March 27, 2012
PRIVATIZING PRE-K: Rural areas would lose access to program
Public schools play a highly important role in offering rural and high-poverty communities access to North Carolina’s critical Pre-K programs.
Recent considerations by the NC General Assembly’s House Select Committee on Early Childhood Education Improvement to explore privatizing North Carolina’s Pre-K program could severely limit access to the program in rural, high-poverty areas.
A new report by the NC Budget & Tax Center found that 58 out of North Carolina’s 100 counties rely on public schools to host and manage more than half of their Pre-K slots. Just six of these counties are not rural, and 17 of these counties are rural, high-poverty, and rely exclusively on public schools to house their Pre-K program slots.
Such counties don’t have an extensive network of high-quality, private child care programs. In turn, public schools play a huge part in providing infrastructure for Pre-K classrooms. Prohibiting public schools from managing and hosting slots would have a disproportionately high impact on these rural communities by both limiting access and negatively affecting children’s education in the short and long terms.
IMMIGRATION: Press conference to address proposed laws
On Wednesday, March 28, the House Select Committee on the State’s Role on Immigration Policy will meet at the General Assembly to discuss how to strengthen and enforce laws against undocumented immigrants. Many of these laws would mirror anti-immigration legislation from Arizona, Alabama, Georgia, and South Carolina. In February, the committee meeting ended with three undocumented protesters being arrested, and in one case, detained for several weeks.
We are NC, an alliance of organizations and individuals working to shift this very debate on immigration in North Carolina, will hold a press conference on March 28 to highlight the positive impacts of immigrants in our state. Immigrants, faith leaders and economic analysts will share their stories, real facts on this issue, and look at the negative consequences of anti-immigrant legislation in states across the southern United States. Economies in places such as Georgia and Alabama have deteriorated, farmers and workers are losing their livelihoods as food lies rotting in the fields, and citizens and immigrants alike have been arrested in the name of the law.
We are NC urges to legislators to implement policies that unite North Carolinians and recognize the positive social, cultural, and economic contributions that immigrants and refugees make in communities across the state.
The press conference will be held on Wednesday, March 28 at 10:00 a.m. at Halifax Mall, behind the General Assembly in downtown Raleigh.
DEFENDERS OF JUSTICE AWARDS: May 10, 2012
The Justice Center presents its Defender of Justice Awards to honor individuals or organizations that have made significant contributions in the fight against poverty in four areas that reflect the scope of the Justice Center’s work.
The event will be held on Thursday, May 10, 2012 from 6:00 to 9:00 p.m. at Bay 7 in the American Tobacco Campus, Durham. Recipients will be announced in the upcoming weeks. Purchase your ticket today.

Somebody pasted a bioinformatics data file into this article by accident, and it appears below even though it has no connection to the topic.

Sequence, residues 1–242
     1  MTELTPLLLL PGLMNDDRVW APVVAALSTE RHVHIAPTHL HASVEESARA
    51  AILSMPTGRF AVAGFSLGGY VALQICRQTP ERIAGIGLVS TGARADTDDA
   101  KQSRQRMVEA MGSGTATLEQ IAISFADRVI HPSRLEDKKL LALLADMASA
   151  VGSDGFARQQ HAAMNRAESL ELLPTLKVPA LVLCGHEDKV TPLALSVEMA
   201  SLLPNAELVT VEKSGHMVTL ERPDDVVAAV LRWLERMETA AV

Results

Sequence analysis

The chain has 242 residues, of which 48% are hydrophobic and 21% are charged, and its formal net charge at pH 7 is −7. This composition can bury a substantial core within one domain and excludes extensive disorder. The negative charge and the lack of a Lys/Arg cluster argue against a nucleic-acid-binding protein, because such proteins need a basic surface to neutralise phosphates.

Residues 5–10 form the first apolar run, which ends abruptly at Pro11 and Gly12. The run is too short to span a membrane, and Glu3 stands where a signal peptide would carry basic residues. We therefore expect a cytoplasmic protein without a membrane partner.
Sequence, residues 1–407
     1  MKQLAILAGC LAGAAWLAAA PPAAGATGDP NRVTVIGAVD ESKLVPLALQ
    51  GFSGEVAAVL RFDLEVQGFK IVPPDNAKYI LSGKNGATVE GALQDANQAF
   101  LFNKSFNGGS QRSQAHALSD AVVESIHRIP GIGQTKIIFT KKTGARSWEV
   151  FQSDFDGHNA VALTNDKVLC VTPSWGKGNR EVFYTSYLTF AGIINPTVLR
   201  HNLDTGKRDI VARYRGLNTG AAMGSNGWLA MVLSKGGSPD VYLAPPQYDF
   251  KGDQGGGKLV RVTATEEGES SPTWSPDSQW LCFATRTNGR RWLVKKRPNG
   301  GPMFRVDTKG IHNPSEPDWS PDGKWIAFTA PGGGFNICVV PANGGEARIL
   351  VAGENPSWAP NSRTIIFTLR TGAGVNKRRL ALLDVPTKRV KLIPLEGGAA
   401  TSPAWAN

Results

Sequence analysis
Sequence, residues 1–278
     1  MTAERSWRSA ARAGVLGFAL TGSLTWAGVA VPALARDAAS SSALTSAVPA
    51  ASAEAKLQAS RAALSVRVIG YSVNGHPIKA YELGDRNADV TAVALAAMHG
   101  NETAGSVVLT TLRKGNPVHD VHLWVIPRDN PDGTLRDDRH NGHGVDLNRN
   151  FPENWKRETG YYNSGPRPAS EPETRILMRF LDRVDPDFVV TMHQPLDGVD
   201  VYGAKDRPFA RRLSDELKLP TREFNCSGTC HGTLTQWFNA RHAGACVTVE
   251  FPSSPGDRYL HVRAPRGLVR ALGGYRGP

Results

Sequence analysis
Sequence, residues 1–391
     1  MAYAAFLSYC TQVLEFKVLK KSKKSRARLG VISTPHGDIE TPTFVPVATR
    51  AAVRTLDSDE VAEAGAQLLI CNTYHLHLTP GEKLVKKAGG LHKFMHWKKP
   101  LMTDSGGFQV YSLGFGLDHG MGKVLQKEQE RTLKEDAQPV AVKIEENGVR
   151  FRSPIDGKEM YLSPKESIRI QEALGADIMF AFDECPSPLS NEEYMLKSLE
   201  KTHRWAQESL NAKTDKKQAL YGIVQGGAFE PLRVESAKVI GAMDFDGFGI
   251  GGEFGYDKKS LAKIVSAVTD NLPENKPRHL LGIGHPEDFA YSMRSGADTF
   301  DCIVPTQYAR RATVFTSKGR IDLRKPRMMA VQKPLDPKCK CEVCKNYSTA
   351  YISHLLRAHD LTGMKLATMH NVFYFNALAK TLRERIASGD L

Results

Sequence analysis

"OUT OF CONTROL" TOUR: Public forum in Wilmington
The General Assembly’s “midnight attack” on North Carolina’s teachers in January revealed a remarkable willingness to ram through an extreme agenda, no matter what it takes.
Please join N.C. Policy Watch and key progressive allies at a series of public forums that will explore: how North Carolina's extreme right-wing General Assembly is turning back the clock, who's bankrolling its agenda, and what it means for our lives. You’ll have a chance to ask questions and share your perspective, too.
- Wilmington: Wed., March 28, 7:00 p.m., ILA 1426 Hall, 1305 S. 5th Ave. Featured speakers: Rob Schofield, Chris Kromm, MaryBe McMillan, Nancy Shakir. Register here.
COLLEGE AFFORDABILITY: Panel to address access, budget
Despite its long history of generous support for higher education, North Carolina has not successfully kept pace with the rapidly increasing cost of attending college for its students. As costs rise and aid tightens, North Carolina risks losing the dynamic and creative economy that its higher education system has supported for decades.
On Wednesday, April 4th, the NC Justice Center, Institute for Civic Engagement and Social Change at NC Central University, and the national public policy organization Demos will co-host a panel, “Shrinking Budgets, Growing Debt: Is College Still Affordable?” This expert discussion of North Carolina’s higher education will address trends in funding for our state’s universities and how these trends create challenges in accessing a post-secondary education. The panelists will discuss “The Great Cost Shift,” a new report that addresses how students across the U.S. are increasingly shouldering the cost for attending public colleges and universities. How will this cost shift impact their economic futures?
The event will be held at North Carolina Central University’s Alfonso Elder Student Union at 7:30 p.m. on April 4, and will feature the following speakers: Alexandra Forter Sirota (NC Justice Center), Dr. Jarvis Hall (NC Central University), Jasmine Hicks (Young Invincibles), and John Quinterno (Demos). The panelists will discuss policy recommendations to promote fair and open access to the benefits and higher education and assess how students, lawmakers, and advocates can work together to promote and ensure opportunity for all.